It happened accidentally.
I somehow accumulated a bunch of cash in my dorm room and wanted to send my paycheck every month to a savings account dedicated to tuition (because the out-of-state struggle is real). With these two things coming together, I unofficially challenged myself to see how long I could go without swiping plastic.
I don’t think I often realized how much those ice cream runs or small dinners out added up until my credit card statement became basically a record of everything I ate for that month (#relatable, am I right?). It was easy to forget how much I’d already spent in any given week and it was even easier to dismiss the little purchases. After all, it’s so common to think, “It’s fine, what’s another five dollars anyway?” When I started relying solely on dollar bills as my method of payment, I was more cognizant of exactly how much I was spending. I was also able to remember more of what I bought since the action of handing over actual money stood out to me more than absentmindedly handing over a credit card.
Since I’m lazy and never feel like pulling out more cash for my wallet when I’m running low, I learned how to stretch a 20 real quick. This helped me spend less since, again, going to get more bills was just so much work and I wanted to do it as less as possible 😉 When I would see my bills break down into smaller and smaller ones, it was a physical reminder of what I was spending. Not only that, but it also made me think of why I was buying what I was.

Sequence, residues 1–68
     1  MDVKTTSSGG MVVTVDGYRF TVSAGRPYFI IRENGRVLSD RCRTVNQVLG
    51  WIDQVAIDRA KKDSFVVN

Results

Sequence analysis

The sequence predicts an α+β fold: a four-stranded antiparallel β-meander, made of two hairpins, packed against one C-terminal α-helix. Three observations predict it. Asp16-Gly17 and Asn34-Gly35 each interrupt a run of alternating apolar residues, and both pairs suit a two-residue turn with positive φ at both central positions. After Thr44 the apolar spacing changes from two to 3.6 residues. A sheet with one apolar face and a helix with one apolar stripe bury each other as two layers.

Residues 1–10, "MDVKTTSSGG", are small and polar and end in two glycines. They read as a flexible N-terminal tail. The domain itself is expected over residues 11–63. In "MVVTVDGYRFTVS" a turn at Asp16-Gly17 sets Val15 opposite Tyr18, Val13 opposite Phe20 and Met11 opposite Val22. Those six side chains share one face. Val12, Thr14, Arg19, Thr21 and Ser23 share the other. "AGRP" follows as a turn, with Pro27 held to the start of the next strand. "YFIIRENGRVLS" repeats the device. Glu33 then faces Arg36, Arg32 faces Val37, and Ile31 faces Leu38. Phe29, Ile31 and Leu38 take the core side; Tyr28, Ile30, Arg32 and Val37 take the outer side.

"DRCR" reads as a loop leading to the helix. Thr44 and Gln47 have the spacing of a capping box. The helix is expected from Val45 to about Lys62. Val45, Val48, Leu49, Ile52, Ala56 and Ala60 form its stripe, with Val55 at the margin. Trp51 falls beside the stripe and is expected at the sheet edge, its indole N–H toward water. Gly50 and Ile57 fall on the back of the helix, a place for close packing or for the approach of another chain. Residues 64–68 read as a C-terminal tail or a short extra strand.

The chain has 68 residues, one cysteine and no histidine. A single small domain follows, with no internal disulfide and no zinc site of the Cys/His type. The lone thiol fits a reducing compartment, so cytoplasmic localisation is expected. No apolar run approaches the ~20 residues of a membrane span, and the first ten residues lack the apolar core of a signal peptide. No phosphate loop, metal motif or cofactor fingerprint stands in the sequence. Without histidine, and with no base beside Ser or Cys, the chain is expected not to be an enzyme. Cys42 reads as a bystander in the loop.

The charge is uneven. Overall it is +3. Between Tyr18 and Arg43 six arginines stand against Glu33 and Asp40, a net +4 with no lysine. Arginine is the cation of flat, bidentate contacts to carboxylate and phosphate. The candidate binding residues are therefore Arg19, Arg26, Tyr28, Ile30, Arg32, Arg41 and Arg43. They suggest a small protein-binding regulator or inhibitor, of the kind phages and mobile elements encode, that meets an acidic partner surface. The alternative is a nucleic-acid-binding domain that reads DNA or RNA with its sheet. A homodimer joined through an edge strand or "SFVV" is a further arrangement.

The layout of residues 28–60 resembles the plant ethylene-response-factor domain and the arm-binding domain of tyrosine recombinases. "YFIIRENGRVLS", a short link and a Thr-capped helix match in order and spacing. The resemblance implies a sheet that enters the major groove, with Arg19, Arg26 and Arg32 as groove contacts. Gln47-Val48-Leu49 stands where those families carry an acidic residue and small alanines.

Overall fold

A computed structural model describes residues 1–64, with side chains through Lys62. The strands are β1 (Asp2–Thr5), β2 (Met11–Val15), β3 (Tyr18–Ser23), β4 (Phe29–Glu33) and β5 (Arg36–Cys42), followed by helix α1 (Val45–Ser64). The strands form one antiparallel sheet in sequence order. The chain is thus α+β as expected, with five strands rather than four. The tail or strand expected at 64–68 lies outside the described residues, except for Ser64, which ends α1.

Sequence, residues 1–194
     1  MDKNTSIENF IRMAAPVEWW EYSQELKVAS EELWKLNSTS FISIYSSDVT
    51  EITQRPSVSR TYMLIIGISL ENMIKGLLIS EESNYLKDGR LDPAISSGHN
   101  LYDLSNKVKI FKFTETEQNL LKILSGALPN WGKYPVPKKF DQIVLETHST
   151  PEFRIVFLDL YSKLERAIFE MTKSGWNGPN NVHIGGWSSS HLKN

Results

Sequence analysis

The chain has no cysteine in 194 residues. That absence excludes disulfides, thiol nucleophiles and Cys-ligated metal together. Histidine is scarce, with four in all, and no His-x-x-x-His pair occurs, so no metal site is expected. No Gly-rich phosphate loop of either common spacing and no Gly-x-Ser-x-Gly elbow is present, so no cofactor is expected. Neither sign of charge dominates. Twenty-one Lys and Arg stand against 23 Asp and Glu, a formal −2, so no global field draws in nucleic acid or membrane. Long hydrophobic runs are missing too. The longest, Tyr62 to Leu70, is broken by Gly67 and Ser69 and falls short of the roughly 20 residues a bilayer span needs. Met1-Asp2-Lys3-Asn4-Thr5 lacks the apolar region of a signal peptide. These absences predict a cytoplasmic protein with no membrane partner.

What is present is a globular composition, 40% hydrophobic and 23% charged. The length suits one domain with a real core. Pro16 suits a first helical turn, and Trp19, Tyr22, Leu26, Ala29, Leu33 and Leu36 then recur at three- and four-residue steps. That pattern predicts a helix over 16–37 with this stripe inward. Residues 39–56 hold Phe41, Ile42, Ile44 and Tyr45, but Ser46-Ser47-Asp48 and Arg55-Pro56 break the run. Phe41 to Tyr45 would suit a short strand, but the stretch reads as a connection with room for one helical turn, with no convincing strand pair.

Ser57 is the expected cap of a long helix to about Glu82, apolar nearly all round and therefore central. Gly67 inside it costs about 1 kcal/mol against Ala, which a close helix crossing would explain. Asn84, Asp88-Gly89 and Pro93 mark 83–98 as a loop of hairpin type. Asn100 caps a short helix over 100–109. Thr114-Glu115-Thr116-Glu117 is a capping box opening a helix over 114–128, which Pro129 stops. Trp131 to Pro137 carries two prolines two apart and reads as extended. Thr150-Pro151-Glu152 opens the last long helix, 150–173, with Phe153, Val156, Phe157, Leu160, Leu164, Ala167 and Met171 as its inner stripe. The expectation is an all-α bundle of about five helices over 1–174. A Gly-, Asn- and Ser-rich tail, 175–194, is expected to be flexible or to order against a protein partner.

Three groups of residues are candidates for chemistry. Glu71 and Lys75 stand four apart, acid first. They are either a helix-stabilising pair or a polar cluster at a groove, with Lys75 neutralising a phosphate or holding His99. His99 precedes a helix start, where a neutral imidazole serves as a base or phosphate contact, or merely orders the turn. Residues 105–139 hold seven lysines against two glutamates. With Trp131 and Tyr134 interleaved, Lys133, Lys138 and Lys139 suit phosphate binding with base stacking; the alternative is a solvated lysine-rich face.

I know it’s hard to say no to having fun in college, especially when all of your friends want to get dinner or see a concert and the FOMO is real. You have to realize, though, it’s just one night. If I had already spent my allotted cash or would need it for something else coming up later in the week, I knew I could always meet up with the group afterwards and still have a good time.
Paying in cash is so empowering too! Maybe it’s just me, but I always feel like I have my life more together. I also always take it as a personal success when I can find exact change. It eliminates the whole fumbling to shove everything back in my wallet while the cashier stares at me for eternity thing…you know what I’m talking about.
To be fair, I still use my credit card for gas (because using cash at gas stations is a pain) and automatic withdrawals like Netflix and Chegg, but I think that’s a fair balance. It’s an easy, consistent way to keep building up some credit! Overall though, limiting myself to just the cash on my person at any given time reminded me that I am in control of my finances. Don’t get me wrong, I’ve always been an all-time saver. Despite this (and after a subscription box addiction at the end of high school and many dinners off of my university meal plan), I figured what harm could come from ending the semester off with as low of a credit card bill as possible?
I had fun with this little personal challenge and intend to continue using more paper and less plastic moving forward. It’s not as difficult as you’d expect and can even lead you to live a simpler (and therefore more genuinely happy) life. But you all already know I’m obsessed with that right now 😉
~Will you try the “cash-only diet”?